Then & Now: Mason’s career path winds back to Fayetteville

by Paul Gatling ([email protected]) 1,306 views 

Editor’s Note: The following story appeared in the March 27 issue of the Northwest Arkansas Business Journal. “Then & Now” is a profile of a past member of the Business Journal’s Forty Under 40 class.


For 13 years, longtime bank executive Matt Mason worked in Claremore, Okla., an outer Tulsa suburb 30 miles east of downtown.

Tulsa, he said, is a strong banking market.

“But it can’t touch what’s happening here in Northwest Arkansas,” he added. “Over there, we [jokingly] called it the center of the universe.”

The gravitational pull helped bring Mason back to the booming region earlier this year. In his 27th year as a banker, Mason started on Jan. 13 as Northwest Arkansas market president for Stuttgart-based Farmers and Merchants Bank (F&M). He oversees the bank’s retail and lending operations at nine locations in Northwest Arkansas.

F&M acquired The Bank of Fayetteville (BOF) in November 2015. BOF maintained its trade name doing business in eight branches — five in Fayetteville and one each in Farmington, Prairie Grove and West Fork. F&M also has a full-service branch on Walton Boulevard in Bentonville.

The career move is a homecoming for Mason, a Northwest Arkansas Business Journal Forty Under 40 honoree in 2006. A University of Arkansas graduate (1991; agribusiness), Mason was a commercial lender for BOF from 2003 to 2009 before leaving for Claremore, where RCB Bank maintains headquarters. He was executive vice president and market president for the $3.7 billion asset lender, which has roughly 60 locations in Oklahoma and Kansas.

Mason, 54, said he remembers Claremore fondly, personally and professionally. He developed as a lender. He and his wife raised a family there. Their oldest, a 25-year-old daughter, is married and living in Bentonville. Their son is a junior at Baylor University, and their youngest is a junior in high school.

“When it came down to it, we saw an empty nest [approaching]; all our family is over here,” said Mason, a native Arkansan. “Maybe it was sooner than we anticipated, but the opportunity came up at Bank of Fayetteville. We prayed about it. [Northwest Arkansas] is where we’re supposed to be, so here we are.”

He added that he’s grateful for the opportunity to return to BOF and work for a company that’s been an anchor in the community for more than 100 years. F&M has 27 Arkansas locations, including the eight operating as BOF. With more than $1.7 billion in assets, its Arkansas’ 10th-largest bank.

“Northwest Arkansas is home,” Mason said. “It’s an exciting time in Fayetteville, and I look forward to getting involved with the community and reconnecting with friends and customers throughout the region.”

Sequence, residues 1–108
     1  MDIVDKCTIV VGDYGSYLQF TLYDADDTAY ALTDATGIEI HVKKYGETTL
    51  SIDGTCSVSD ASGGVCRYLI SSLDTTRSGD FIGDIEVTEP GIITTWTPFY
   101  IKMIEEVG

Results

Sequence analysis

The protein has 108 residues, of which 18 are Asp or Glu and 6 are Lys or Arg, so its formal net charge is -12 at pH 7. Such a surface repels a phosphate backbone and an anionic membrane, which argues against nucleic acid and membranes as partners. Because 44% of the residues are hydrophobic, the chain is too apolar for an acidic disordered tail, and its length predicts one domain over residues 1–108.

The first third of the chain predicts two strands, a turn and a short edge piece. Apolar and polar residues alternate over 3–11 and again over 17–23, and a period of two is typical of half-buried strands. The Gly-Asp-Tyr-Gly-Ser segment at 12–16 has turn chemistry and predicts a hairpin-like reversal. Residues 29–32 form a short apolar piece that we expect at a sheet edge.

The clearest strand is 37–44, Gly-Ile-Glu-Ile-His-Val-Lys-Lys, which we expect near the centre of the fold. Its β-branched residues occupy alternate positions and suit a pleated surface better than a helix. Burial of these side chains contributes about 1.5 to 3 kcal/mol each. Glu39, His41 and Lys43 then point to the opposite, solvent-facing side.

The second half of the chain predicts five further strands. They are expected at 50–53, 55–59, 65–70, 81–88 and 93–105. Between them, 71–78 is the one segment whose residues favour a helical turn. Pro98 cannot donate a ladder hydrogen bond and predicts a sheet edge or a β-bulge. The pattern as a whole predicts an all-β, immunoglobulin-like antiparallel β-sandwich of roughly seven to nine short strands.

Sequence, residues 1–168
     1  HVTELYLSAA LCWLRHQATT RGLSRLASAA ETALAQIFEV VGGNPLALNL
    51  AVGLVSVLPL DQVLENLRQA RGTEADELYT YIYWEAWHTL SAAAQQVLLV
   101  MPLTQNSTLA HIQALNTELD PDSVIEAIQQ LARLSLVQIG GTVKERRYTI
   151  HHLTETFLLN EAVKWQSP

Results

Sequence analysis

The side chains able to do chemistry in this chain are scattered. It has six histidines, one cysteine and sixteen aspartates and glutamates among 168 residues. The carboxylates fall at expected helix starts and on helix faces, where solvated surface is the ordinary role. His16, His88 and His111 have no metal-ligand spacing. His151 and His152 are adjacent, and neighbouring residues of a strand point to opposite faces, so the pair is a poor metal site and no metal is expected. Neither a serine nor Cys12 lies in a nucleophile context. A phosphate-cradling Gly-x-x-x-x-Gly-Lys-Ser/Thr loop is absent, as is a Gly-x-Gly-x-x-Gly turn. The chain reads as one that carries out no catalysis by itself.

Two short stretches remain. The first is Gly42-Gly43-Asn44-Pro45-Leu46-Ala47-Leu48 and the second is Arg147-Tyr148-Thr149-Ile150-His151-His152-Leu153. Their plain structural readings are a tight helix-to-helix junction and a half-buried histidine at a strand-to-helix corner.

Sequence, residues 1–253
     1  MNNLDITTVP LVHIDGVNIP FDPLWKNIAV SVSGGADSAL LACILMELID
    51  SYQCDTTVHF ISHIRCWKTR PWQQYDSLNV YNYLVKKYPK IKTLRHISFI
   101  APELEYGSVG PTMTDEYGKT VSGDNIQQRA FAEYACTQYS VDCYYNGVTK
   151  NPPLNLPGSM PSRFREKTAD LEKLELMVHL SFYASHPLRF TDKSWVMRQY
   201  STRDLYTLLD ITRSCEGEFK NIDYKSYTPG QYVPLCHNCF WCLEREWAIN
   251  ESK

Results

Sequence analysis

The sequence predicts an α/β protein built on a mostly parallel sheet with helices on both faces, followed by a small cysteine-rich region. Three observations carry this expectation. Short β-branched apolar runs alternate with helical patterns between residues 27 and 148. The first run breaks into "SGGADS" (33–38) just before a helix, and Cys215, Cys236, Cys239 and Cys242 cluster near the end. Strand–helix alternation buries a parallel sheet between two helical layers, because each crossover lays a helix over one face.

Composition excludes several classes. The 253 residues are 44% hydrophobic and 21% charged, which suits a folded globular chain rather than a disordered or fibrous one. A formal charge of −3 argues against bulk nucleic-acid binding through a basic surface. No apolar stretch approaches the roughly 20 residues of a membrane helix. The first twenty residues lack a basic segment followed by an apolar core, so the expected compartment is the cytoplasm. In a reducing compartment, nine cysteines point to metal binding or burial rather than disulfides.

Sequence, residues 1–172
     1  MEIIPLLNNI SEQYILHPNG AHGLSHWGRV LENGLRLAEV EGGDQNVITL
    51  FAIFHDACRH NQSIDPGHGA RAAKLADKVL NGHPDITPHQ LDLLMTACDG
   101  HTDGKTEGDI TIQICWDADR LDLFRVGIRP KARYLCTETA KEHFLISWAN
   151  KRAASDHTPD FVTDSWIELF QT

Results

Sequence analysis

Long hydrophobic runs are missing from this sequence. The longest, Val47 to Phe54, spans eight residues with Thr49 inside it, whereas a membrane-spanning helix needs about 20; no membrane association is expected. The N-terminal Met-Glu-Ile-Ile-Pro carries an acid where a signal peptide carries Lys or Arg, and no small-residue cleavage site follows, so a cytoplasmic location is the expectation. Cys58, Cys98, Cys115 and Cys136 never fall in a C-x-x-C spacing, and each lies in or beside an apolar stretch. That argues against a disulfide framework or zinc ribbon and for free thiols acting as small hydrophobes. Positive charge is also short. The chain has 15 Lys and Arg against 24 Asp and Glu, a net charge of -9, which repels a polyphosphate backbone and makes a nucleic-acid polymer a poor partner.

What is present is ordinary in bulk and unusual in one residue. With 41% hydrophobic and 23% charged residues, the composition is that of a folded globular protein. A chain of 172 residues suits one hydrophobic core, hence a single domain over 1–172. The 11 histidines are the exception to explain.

As a double graduate of the UA with a master’s in agricultural economics, Mason saw grain rather than greenbacks as a career. During graduate school, the Jonesboro native had started working as an economist for the Arkansas Extension Service in Little Rock. In 1994, the Bayou Grain and Chemical Co. hired him as a grain merchandiser.

In 1996, Mason joined Simmons Bank in Dumas as an agricultural lender. While there, he began making small business loans and discovered that he enjoyed helping Arkansas entrepreneurs realize success in their businesses. Seven years and three banks later, Mason joined BOF as a vice president of commercial loans.

He remembered his six years in Fayetteville through a positive lens, when community banks thrived as Northwest Arkansas boomed — until the Great Recession took hold.

“As I explained to my Oklahoma friends, the faucet just turned off one day,” he said. “Things got contentious here in Northwest Arkansas, an opportunity opened up in Claremore, and it checked all the boxes. It was a good fit for our family.”

Mason joked that “nobody’s yelled at him” during his BOF return, and the transition has been smooth.

“Surprisingly, there are a lot of folks who still work here,” he said. “I walked in, and it was just like we were talking yesterday.”

Though there are minor operational changes to adapt to, Mason said a constant is a philosophy he’s developed during his career — building relationships as a community banker. Though banks all do the same thing, their customer relationships can be an essential differentiator.

“That’s kind of cliche among bankers,” he said. “But I challenge our lenders to create a culture where we stand out on the relationship side. We think there are enough opportunities to develop relationships with enough folks who trust us and want to come to us for anything.”